The photo of 12-year-old Sakinah, her bright blue eyes blind from birth, tugged at Susanne Hawkins’ heart.

Sakinah and her mother, members of a nomadic tribe of snake charmers, had walked more than a dozen miles through the hills of Baluchistan in southwestern Pakistan to seek aid at an eye clinic in 2010.

They were told there was nothing the doctors could do. Sakinah needed a corneal transplant, a complicated procedure requiring expensive, imported donor tissue.

The eye camps funded by the N.A. Sher Foundation of Chelsea, Maine, specialize in treating people with cataracts, doing hundreds of free surgeries over a few days for people in poor, remote regions of Pakistan where the villages lack even running water.

Photos of Sakinah and her mother were among those that Alam Sher, a clinical pharmacist at the Togus VA Medical Center, showed to fellow workers, including Hawkins, after he returned from that 2010 clinic.

“Find the girl,” Hawkins told him. She would pay for the tissue; the foundation would pay for the rest of the expenses.

“It was just a gut reaction,” Hawkins said Sunday. “I didn’t think about it. This girl had traveled so many miles on foot through dangerous territory. I couldn’t imagine what this mother had gone through. She must have been desperate.”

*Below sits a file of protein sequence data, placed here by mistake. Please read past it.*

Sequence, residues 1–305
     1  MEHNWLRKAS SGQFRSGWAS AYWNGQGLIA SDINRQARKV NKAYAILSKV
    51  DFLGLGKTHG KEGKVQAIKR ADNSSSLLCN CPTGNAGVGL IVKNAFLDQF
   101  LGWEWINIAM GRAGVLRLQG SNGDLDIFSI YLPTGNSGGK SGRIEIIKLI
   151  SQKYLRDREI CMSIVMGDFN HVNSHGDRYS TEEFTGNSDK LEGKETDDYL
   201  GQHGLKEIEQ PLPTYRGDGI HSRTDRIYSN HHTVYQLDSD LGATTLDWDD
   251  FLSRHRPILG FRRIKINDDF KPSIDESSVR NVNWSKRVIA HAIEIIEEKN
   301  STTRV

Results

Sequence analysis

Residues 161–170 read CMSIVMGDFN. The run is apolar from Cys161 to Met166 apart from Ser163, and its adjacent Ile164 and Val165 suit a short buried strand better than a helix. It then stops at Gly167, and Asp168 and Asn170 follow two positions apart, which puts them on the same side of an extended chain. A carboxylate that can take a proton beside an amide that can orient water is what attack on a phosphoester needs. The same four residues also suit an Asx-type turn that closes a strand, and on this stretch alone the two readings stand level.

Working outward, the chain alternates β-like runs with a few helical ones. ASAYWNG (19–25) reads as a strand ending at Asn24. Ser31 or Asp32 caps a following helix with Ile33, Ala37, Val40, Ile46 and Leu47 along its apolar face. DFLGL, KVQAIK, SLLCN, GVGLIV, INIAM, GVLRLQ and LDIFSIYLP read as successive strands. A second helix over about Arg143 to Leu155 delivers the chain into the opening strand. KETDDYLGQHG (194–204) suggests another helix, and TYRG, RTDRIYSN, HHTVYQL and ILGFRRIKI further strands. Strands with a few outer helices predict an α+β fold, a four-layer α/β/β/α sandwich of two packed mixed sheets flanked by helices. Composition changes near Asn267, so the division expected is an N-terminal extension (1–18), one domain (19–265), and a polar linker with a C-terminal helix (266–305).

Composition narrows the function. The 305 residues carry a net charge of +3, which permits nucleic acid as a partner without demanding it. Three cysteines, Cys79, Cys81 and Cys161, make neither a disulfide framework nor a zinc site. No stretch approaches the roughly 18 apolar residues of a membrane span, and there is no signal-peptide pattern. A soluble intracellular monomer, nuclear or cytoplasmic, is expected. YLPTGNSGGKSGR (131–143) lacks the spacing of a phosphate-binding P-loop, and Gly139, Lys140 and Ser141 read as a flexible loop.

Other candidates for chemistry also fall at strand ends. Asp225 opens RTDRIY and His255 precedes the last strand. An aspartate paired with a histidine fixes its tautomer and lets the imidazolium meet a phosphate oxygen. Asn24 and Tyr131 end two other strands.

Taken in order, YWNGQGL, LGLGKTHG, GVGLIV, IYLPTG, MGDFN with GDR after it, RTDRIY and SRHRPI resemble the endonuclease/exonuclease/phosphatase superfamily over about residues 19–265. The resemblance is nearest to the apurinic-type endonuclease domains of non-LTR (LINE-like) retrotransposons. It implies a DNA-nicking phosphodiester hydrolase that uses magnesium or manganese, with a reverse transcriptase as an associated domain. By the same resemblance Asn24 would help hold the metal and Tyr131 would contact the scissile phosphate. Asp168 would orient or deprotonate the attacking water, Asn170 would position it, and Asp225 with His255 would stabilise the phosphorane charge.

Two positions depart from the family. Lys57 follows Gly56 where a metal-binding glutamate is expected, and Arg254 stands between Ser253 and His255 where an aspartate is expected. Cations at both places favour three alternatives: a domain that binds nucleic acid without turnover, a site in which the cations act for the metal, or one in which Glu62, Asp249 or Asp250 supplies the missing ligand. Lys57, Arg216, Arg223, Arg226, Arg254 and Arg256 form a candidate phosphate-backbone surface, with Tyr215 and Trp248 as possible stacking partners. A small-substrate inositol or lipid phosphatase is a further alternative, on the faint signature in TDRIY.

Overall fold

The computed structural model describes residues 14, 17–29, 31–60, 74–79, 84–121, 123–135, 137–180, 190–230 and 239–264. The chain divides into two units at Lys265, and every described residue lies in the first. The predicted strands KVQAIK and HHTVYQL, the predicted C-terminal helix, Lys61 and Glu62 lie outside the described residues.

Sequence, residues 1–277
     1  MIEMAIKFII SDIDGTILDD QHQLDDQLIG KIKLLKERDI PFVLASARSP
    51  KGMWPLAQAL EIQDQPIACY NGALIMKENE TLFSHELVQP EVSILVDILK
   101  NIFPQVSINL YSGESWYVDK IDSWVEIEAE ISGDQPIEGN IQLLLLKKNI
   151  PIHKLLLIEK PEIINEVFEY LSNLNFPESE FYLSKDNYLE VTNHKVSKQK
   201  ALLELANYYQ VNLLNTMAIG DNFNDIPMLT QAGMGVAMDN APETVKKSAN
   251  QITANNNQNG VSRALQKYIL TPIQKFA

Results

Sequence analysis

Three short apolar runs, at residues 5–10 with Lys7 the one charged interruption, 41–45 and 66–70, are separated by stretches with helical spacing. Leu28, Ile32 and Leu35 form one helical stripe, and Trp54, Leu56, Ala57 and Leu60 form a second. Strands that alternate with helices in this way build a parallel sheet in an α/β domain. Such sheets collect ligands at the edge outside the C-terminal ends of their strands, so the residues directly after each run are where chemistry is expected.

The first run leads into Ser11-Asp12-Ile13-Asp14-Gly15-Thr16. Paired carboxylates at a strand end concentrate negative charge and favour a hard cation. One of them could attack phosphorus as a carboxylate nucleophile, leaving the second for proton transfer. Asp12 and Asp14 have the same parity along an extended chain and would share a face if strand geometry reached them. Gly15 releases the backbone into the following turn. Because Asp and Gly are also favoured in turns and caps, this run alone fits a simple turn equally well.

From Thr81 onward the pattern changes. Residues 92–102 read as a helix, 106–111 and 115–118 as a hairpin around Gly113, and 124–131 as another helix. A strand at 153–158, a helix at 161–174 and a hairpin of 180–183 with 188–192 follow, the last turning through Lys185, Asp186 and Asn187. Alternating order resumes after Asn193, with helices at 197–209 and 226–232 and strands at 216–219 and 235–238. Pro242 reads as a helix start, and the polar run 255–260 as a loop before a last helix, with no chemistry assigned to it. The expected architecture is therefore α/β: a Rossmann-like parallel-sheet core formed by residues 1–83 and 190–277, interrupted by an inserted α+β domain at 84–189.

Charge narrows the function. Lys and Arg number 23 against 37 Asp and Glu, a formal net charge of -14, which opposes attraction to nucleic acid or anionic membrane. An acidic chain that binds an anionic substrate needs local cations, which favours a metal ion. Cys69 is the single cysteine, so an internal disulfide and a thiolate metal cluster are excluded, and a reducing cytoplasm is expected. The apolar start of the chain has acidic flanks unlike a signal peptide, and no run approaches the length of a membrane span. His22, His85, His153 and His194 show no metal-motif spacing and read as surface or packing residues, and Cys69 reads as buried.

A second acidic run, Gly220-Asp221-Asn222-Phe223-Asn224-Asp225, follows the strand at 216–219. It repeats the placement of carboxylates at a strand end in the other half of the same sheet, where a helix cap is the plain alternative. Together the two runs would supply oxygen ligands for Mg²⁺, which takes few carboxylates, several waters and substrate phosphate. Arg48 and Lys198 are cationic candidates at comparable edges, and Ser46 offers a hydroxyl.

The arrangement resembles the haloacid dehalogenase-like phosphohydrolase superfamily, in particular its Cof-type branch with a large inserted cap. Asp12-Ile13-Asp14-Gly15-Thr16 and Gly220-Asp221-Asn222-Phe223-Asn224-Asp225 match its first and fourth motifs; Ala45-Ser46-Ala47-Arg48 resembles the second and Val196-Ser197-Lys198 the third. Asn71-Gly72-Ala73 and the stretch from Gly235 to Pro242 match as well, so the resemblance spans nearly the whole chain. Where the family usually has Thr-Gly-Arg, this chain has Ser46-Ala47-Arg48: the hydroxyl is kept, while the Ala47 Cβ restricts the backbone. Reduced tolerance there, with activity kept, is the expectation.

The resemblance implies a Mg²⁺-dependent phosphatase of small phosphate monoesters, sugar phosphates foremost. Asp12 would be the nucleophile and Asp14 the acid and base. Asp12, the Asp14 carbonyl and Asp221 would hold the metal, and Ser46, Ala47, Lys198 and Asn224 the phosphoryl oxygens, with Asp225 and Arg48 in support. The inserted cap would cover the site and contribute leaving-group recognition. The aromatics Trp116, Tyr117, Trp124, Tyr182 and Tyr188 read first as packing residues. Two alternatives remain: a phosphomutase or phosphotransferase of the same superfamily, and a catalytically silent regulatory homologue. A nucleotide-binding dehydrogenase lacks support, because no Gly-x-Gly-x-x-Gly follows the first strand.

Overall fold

Finding that girl would not be easy, Sher knew.

Born and raised in Lahore, Pakistan, Sher and his wife, Nasreen, started the foundation in 2007, and it began accepting donations after it gained 501(c)(3) status in 2010, to assist their former countrymen and others in southeast Asia with medical and educational needs.

Alam Sher sets up the clinics — where the eye treatment is done by his brother, Dr. Sultan Ali, and Ali’s son, both eye surgeons in Karachi, Pakistan — so he knew how to start his search.

He checked with people he had met during that 2010 clinic. He sent Sakinah’s photo, and had it posted at bus stops. Finally someone recognized the girl and made contact with the tribe and the girl’s parents.

“The elders had to decide if they would send her to the city,” Alam Sher said. They agreed, as did Sakinah’s parents.

Then it took another two months to arrange to get corneal tissue from Sri Lanka, do pre-surgery counseling and evaluation. “We had to make sure she could actually be helped by this,” Sher said.

The surgery, which removed the clouded cornea on the outer layer of Sakinah’s right eye and replaced it with donor tissue, took place April 26. A day later, Ali reported that Sakinah, now 13, could see fingers for the first time in her life.

“For the cost of a Coach pocketbook, someone could see,” Hawkins said. “I was overwhelmed being in the position of being able to do that. It’s too bad we live so far away. It would be wonderful to embrace her and her mother.”

While Alam Sher also still gets emotional while talking about the success of Sakinah’s surgery, he and the foundation are now focusing on another cause: a new maternity wing at Aisha Bibi Memorial Hospital in Sindh. He wants Sakinah to do the ribbon-cutting.

On Sunday, however, Sher said a fundraiser planned for this weekend had to be canceled. He said the next one will be set in the fall — the first Maine South Asian Film Festival.